"Geography of the Gaze" offers a new history and theory of how the way we look at things influences what we see. Focusing on Western Europe from the seventeenth to the nineteenth century, Renzo Dubbini shows how developments in science, art, mapping, and visual epistemology affected the ways natural and artificial landscapes were perceived and portrayed.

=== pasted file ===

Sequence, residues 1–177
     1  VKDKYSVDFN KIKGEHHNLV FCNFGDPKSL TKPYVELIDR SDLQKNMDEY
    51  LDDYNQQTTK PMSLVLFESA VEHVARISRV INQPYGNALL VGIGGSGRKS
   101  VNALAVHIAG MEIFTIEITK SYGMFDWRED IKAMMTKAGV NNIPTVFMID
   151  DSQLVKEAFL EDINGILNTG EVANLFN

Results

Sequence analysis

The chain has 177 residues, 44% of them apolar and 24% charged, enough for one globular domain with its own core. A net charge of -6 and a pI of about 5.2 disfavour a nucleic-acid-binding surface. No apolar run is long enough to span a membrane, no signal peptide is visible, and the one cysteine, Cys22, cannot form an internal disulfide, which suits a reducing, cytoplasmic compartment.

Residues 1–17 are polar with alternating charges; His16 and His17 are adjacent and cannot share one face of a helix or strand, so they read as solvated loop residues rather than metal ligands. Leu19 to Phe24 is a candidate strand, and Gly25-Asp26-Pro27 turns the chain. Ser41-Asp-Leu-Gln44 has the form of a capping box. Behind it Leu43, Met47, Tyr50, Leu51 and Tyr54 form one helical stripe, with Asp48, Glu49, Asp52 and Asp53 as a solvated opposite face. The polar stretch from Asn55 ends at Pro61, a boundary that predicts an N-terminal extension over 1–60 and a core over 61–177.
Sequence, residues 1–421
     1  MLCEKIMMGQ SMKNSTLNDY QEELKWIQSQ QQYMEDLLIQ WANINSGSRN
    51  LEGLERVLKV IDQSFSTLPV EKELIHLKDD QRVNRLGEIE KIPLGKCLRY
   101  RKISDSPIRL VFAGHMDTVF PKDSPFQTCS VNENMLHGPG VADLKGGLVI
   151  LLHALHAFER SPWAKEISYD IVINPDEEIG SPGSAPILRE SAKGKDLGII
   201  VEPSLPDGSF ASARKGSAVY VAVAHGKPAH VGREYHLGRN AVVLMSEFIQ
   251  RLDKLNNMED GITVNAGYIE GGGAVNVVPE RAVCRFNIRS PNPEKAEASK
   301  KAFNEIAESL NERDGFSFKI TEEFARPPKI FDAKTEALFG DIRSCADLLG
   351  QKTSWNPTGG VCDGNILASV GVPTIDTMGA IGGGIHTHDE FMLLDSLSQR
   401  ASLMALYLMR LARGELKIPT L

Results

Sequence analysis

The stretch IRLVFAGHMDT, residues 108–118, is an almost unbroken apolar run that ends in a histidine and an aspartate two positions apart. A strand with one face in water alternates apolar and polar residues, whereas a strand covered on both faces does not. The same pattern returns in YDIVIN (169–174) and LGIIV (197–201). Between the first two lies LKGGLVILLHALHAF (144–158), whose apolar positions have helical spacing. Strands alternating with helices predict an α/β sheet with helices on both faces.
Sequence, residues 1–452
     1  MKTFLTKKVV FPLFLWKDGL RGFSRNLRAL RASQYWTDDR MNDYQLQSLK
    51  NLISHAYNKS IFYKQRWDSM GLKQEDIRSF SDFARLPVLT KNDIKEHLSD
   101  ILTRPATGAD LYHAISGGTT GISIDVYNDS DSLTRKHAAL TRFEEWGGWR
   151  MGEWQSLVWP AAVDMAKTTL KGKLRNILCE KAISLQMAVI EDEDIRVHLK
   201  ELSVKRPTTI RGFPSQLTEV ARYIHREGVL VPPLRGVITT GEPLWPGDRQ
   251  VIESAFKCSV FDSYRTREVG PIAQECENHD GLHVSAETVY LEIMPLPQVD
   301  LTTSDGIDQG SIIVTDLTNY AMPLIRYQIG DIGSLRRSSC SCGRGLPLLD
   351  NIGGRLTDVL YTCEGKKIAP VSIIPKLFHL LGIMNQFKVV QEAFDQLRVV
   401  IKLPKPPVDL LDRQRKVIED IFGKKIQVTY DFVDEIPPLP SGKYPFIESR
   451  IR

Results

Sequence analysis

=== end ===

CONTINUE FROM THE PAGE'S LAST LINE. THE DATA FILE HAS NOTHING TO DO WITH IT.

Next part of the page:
He begins with the idea of the "view," explaining its role in the invention of landscape painting and in the definition of landscape as a cultural space. Among other topics, Dubbini explores how the descriptive and pictorial techniques used in mariners' charts, view-oriented atlases, military cartography, and garden design were linked to the proliferation of highly realistic paintings of landscapes and city scenes; how the "picturesque" system for defining and composing landscapes affected not just art but also archaeology and engineering; and how the ever-changing modern cityscapes inspired new ways of seeing and representing the urban scene in Impressionist painting, photography, and stereoscopy. A marvelous history of viewing, "Geography of the Gaze" will interest everyone from scientists to artists.